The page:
For non-believers in particular, when Neeson resurfaces, his arguments, intended as the cruelest temptation, will instead sound perfectly logical.
– Peter Debruge (Variety.com)
 All the acting is exceptional, helped by strong writing and sharply drawn characters. Andrew Garfield is subdued but still splendid, while Adam Driver is powerfully moody. Liam Neeson is on fearless form…
 I will talk about the major flaw I had with the picture and it’s during the first 90 mins. I honestly thought 20 of these minutes could have been edited out, because I thought it took the film way too long to move forward and get to the real meat of the story, which is the Priest [Rodrigues] and Father Ferreira having a battle of wills.
…I really loved the fact that it didn’t treat the subject lightly or take on that mentality that you can’t question your faith.
-Excerpts from IMDB reviews
2 thoughts on ““Silence” (2016) starring Andrew Garfield, Adam Driver, & Liam Neeson”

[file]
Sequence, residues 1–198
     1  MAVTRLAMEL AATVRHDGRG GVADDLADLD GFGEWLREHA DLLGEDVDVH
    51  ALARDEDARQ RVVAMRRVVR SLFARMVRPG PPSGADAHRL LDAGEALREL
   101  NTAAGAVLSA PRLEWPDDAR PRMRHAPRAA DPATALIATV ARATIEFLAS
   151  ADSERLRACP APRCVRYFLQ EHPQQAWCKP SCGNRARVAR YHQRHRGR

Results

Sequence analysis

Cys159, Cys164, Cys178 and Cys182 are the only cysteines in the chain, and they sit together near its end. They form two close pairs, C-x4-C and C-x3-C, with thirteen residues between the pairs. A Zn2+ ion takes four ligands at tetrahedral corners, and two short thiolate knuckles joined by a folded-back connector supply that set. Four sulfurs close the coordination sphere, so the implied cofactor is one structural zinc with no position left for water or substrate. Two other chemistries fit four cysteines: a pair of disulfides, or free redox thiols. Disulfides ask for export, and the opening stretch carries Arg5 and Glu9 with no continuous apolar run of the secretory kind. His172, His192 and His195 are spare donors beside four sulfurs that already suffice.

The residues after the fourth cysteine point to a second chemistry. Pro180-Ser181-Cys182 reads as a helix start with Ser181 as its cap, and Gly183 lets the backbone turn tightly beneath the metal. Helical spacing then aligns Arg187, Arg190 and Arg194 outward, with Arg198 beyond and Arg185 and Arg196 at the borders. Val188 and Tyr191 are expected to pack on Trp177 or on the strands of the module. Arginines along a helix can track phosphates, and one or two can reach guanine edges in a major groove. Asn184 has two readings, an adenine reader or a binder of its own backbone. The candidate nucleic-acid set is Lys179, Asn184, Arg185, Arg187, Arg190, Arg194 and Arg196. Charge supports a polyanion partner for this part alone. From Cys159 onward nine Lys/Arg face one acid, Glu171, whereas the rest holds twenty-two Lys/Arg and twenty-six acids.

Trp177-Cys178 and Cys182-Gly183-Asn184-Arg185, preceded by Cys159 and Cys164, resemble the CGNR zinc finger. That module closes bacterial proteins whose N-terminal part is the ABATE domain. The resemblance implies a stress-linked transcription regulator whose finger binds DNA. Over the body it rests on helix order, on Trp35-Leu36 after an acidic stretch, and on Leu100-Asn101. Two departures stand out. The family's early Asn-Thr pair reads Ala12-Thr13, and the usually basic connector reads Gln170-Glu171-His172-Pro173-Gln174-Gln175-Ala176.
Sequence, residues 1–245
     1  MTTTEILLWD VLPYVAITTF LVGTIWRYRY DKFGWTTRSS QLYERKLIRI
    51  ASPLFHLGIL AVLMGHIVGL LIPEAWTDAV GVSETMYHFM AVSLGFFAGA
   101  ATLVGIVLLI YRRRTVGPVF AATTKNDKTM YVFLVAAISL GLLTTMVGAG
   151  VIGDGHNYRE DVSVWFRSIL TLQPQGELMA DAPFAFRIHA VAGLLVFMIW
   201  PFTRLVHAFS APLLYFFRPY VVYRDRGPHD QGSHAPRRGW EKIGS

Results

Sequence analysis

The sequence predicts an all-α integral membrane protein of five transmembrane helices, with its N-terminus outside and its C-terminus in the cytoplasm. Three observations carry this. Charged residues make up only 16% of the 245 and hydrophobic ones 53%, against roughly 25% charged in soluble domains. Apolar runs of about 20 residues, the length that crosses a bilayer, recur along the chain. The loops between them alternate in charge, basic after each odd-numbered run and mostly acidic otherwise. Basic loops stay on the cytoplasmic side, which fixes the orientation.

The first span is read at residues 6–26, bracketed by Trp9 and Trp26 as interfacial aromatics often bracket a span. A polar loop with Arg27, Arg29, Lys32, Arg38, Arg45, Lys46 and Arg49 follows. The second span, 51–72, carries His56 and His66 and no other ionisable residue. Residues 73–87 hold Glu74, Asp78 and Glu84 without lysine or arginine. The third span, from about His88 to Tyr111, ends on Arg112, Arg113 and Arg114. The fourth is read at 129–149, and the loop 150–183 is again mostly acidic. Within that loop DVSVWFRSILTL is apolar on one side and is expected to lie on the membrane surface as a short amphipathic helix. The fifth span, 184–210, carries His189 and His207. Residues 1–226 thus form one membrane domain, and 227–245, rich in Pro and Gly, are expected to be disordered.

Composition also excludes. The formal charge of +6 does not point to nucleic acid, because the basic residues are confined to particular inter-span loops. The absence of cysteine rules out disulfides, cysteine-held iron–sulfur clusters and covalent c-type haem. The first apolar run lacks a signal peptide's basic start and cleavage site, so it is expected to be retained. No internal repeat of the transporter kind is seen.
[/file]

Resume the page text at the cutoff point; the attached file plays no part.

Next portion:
I came at this from the perspective of having loved the English translation of the novel for years (it’s in my top 10 of books I first read as an adult) and taught it several times, and not really knowing who the actors were other than Neeson. So it’s a huge problem for me that Scorsese et al. changed the ending — so while the critics, who presumably didn’t read the novel, seem to like the “faith” aspect of the film, I was really upset; I felt like Scorsese made a truly profound work into a fairly shallow allegory. I still show the film when I teaching intro to Christian theology, but sort of “against my own will.” I agree that it’s too long, esp in the beginning parts, and that the accents are lousy (they should have just skipped it once it became clear that they couldn’t manage it convincingly). That said, the only thing I actively dislike about it is Andrew Garfield. It is in many ways a beautiful film. It was also (iirc) the first time I noticed Adam Driver. Probably the best thing about it for me was the performances of the Japanese actors.